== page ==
Carbon limitation leads to suppression of first year oak seedlings beneath evergreen understory shrubs in Southern Appalachian hardwood forests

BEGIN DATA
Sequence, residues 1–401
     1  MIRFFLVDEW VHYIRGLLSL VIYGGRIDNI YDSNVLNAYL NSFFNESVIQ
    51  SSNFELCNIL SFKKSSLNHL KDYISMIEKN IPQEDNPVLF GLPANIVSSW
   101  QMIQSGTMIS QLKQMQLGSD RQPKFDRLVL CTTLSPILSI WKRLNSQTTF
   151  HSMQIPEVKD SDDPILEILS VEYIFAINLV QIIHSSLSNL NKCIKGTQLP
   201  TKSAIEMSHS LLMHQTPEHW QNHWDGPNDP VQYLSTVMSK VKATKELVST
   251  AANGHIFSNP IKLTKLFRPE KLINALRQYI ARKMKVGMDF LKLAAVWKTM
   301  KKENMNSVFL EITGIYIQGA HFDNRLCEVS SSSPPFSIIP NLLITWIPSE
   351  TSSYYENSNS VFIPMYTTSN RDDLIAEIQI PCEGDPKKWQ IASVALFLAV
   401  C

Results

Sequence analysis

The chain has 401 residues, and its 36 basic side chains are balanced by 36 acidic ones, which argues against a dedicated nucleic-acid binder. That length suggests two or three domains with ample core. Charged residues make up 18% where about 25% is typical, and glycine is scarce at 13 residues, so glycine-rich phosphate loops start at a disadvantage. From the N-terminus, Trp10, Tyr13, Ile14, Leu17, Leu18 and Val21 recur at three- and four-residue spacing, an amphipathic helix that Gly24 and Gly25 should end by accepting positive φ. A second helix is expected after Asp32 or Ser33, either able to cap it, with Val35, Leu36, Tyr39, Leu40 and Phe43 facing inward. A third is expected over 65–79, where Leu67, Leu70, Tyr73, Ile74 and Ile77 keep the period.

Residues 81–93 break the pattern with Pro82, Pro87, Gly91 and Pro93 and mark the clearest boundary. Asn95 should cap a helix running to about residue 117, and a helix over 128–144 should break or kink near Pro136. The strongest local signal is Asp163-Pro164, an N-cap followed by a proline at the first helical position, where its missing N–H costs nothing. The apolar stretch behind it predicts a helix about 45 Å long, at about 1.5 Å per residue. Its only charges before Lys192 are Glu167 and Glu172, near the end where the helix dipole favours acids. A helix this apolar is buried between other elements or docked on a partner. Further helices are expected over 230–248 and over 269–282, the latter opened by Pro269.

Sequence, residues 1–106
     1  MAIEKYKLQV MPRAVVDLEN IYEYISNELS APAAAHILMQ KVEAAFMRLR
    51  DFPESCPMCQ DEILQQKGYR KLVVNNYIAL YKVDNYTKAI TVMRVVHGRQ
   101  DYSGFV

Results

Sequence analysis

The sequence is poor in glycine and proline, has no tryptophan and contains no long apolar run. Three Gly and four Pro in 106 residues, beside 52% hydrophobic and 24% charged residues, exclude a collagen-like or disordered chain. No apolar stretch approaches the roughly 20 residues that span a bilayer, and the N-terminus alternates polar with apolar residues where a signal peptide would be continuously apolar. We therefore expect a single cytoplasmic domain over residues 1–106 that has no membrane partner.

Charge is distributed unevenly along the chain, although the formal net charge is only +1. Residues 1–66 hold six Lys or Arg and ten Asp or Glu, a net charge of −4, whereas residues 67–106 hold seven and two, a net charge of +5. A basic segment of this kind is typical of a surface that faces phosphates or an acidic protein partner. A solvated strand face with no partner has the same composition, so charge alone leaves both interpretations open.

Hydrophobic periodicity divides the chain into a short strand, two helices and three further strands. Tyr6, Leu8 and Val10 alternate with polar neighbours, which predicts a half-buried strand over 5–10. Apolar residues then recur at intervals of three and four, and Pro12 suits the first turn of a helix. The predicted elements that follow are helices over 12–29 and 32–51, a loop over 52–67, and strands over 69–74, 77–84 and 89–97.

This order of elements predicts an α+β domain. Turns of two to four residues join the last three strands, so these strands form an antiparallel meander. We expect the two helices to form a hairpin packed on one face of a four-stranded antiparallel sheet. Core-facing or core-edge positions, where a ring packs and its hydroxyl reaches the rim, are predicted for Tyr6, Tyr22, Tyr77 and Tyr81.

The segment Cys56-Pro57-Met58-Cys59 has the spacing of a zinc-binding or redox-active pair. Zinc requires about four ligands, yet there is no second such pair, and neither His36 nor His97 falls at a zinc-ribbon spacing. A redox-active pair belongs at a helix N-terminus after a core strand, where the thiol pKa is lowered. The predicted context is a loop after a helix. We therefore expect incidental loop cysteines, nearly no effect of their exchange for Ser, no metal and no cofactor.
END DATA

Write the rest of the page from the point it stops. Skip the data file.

Inhibition of canopy tree recruitment beneath thickets of the evergreen shrubs Rhododendron maximum L. and Kalmia latifolia L. has long been observed in South Appalachian forests, yet the mechanisms of this process remain unresolved. We present a first-year account of suppression of oak seedlings in relation to Rhododendron and Kalmia basal area, light and resource availability, seedling performance and the rates of seedling damage (i.e., herbivory). We found no evidence of first-year seedling suppression or significant resource deficiencies beneath thickets of K. latifolia in mature mixed hardwood stands. Suppression beneath R. Maximum was apparent during the first growing season. We found that seedling biomass, light availability prior to canopy closure, and seedling tissue C.:N ratios were negatively correlated with R. maximum basal area. Basal area of R. maximum was positively correlated with seedling mortality rates, soil [A1], and early-growing season leaf herbifory rates. Seedling growth was positively correlated with light and tissue C:N, while negatively correlated with soil [A1]. Overall, our results support the inhibition model of shade-mediated carbon limitation beneath dense understory shrubs and indicate the potential importance of herbivory and aluminum toxicity as components of a suppression mechanism beneath R. maximum thickets. We present a casual model of first year inhibition beneath R. maximum in the context of our findings and the results of prior studies.